We study the influence of supervisors on employee misconduct at branches of U.S. financial institutions. Individual supervisor fixed effects explain twice as much variation in branch misconduct as firm fixed effects. Supervisor influence is concentrated in firms that theory suggests are most likely to delegate authority—firms with complex operations, distant branches, and trustworthy supervisors. Supervisors affect misconduct through their personnel decisions, attention to employees with past misbehavior, and ethics and industry rules training. After major internal control improvements, supervisor influence declines. Our results illustrate how supervisors influence misconduct above and beyond firm-level factors.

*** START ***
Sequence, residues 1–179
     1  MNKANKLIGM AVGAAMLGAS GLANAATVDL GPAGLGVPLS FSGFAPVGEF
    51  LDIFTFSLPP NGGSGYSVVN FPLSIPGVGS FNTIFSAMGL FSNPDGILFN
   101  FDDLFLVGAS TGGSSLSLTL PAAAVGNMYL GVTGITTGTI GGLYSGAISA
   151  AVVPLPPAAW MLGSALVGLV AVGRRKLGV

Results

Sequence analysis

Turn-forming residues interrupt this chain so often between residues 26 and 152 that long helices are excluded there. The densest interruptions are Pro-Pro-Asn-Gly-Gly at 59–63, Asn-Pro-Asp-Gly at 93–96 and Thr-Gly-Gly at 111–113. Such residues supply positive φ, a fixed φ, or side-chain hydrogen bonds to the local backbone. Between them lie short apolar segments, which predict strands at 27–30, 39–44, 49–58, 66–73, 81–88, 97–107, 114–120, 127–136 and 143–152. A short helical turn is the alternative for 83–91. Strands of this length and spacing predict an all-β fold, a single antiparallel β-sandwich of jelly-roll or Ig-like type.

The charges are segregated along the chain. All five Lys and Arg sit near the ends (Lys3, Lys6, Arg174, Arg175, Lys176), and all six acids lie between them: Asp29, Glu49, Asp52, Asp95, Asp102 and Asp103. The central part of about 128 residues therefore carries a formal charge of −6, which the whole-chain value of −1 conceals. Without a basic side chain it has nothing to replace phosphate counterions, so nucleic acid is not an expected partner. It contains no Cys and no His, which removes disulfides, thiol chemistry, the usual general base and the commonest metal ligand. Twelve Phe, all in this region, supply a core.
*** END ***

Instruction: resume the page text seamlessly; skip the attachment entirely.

Data Availability: Data are available from the public sources cited in the text.

JEL Classifications: D21; D82; G20, L22; L23; M12; M40.

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